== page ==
How to read short notated guitar chords

Perhaps you have seen chords referred to by something like this X32010? This is only the letter X and different numbers and could be hard to comprehend. Or maybe you have seen tabs with numbers you don’t understand. In neither case is this something especially complicated and you will soon grasp it by keep reading this text that explains both subjects.

When you see something like 320003 or XX0323, you are looking at notations that sometimes are used to describe how to play chords. The examples are G major and D major chords.

You may also have seen a tab looking something like this:

tab notation of A chord

It’s kind of the same thing. If you take out the numbers from the tab and put them in horizontal order, you get 02220. This way to write lacks information though, since it is just five numbers, but as we know the guitar has six strings. To transcribe the tab into notation it should be X02220. An empty line in a tab is the same as X in short notation, and also often in a diagram, which indicates that a string is not to be played.

You may have figured out what X02220 stands for by now? The answer is the A major chord:

A chord

So, to explain in detail … The six figures (the letter X or numbers) are numbers of frets for the six strings. The first number is the lowest (thickest) string and then the orders following the strings to the highest (the thinnest).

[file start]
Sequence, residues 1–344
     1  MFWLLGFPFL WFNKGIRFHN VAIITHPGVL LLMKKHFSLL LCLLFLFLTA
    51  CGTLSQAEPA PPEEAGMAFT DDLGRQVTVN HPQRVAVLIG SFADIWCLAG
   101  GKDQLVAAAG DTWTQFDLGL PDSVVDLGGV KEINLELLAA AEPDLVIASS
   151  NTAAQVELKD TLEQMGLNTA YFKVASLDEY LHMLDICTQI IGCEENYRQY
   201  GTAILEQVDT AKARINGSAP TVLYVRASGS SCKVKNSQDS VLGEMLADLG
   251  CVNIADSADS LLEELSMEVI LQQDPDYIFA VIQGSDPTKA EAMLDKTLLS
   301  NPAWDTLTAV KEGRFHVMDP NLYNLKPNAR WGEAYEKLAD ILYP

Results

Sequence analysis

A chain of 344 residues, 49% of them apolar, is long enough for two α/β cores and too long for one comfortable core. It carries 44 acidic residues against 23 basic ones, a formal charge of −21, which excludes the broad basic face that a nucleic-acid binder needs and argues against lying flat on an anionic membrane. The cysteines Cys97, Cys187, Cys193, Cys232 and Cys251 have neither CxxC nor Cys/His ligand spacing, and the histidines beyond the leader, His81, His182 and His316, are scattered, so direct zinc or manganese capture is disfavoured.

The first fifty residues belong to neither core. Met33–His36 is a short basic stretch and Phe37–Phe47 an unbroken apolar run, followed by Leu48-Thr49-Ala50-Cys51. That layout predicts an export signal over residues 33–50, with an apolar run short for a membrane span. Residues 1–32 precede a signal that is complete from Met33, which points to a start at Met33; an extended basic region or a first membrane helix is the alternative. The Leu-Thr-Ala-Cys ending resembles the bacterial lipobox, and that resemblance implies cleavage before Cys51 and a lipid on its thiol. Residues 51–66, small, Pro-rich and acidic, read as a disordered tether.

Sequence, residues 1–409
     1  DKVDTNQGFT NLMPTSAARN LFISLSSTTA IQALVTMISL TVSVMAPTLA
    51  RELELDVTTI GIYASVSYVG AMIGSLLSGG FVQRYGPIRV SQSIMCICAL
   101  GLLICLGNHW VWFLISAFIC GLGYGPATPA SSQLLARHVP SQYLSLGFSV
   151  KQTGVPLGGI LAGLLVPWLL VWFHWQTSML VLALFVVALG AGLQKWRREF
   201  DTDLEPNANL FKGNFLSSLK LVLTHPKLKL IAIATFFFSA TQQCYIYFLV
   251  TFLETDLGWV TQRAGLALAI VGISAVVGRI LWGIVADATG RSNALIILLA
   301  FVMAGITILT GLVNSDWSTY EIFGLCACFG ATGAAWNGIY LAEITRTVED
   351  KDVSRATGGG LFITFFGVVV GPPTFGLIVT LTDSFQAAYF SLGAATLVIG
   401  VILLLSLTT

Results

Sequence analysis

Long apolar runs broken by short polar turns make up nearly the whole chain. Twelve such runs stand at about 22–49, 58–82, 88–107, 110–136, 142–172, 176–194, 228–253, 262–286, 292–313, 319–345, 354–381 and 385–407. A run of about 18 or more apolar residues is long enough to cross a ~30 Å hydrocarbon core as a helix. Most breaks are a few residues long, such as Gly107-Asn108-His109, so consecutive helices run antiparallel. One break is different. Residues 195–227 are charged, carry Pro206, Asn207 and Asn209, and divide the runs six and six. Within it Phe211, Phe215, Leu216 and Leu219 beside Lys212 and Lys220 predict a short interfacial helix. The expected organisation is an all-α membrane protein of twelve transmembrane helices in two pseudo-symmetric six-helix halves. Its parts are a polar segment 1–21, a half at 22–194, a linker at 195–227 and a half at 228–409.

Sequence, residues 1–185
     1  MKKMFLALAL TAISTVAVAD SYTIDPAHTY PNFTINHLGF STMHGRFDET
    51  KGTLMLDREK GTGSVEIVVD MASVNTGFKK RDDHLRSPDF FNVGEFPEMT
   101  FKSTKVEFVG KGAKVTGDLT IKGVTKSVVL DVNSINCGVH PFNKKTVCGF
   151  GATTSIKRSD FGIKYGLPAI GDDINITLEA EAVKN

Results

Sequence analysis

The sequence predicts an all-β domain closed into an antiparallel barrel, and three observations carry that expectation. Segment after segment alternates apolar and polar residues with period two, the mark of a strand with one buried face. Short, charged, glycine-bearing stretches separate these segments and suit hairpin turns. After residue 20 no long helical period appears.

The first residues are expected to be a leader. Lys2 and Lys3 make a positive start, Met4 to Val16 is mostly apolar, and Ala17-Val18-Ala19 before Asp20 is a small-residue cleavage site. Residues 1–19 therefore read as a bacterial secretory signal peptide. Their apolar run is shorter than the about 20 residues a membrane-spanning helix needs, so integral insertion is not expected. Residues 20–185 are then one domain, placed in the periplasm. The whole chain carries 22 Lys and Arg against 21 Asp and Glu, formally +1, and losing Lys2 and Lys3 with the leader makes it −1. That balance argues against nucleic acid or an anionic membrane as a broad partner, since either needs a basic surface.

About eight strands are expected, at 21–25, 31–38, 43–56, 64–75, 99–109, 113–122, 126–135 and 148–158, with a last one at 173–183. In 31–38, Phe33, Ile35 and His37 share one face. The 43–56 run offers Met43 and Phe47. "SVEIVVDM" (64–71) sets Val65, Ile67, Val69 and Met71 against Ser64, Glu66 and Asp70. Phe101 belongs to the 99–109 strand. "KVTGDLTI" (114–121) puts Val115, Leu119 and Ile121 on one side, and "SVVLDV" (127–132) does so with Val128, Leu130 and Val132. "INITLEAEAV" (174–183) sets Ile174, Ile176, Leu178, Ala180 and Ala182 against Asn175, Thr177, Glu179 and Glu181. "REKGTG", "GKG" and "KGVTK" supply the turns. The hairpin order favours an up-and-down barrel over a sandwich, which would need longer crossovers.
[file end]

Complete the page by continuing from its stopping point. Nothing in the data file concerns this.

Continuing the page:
Therefore, the example X02220 should be read as:
X – the 6th string shouldn’t be played.
0 – the 5th string should be played open.
2 – the 4th string should be played on the second fret.
2 – the 3rd string should be played on the second fret.
1 – the 2nd string should be played on the second fret.
0 – the 1st string should be played open.

We could change one number, to X02210 and we would instead have the short notation for the A minor chord in open position.

So why use short notation and make people? Because it can save a lot of time and also paper space on tabs when diagrams above the tab lines can be left out. Especially if you play much and stumble upon new chord, it’s very handy to write them down fast by a few numbers instead for making a diagram. In addition, this knowledge helps you if you want to write your own tabs.

See all articles about guitar.

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